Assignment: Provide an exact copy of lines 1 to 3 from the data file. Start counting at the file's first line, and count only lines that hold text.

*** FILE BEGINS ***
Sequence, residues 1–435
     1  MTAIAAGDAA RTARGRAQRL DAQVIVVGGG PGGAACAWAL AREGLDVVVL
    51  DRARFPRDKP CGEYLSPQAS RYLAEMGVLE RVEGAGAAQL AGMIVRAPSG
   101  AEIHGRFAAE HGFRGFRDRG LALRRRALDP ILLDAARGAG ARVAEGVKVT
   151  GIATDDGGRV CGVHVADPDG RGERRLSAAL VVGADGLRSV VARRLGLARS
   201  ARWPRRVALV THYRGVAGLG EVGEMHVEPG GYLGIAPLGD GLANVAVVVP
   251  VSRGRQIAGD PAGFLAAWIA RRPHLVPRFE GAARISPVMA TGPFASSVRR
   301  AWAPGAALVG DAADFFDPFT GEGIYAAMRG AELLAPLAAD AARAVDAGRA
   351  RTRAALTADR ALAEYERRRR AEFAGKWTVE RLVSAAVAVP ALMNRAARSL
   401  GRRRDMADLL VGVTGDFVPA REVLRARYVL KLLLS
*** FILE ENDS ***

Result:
Sequence, residues 1–435
     1  MTAIAAGDAA RTARGRAQRL DAQVIVVGGG PGGAACAWAL AREGLDVVVL
    51  DRARFPRDKP CGEYLSPQAS RYLAEMGVLE RVEGAGAAQL AGMIVRAPSG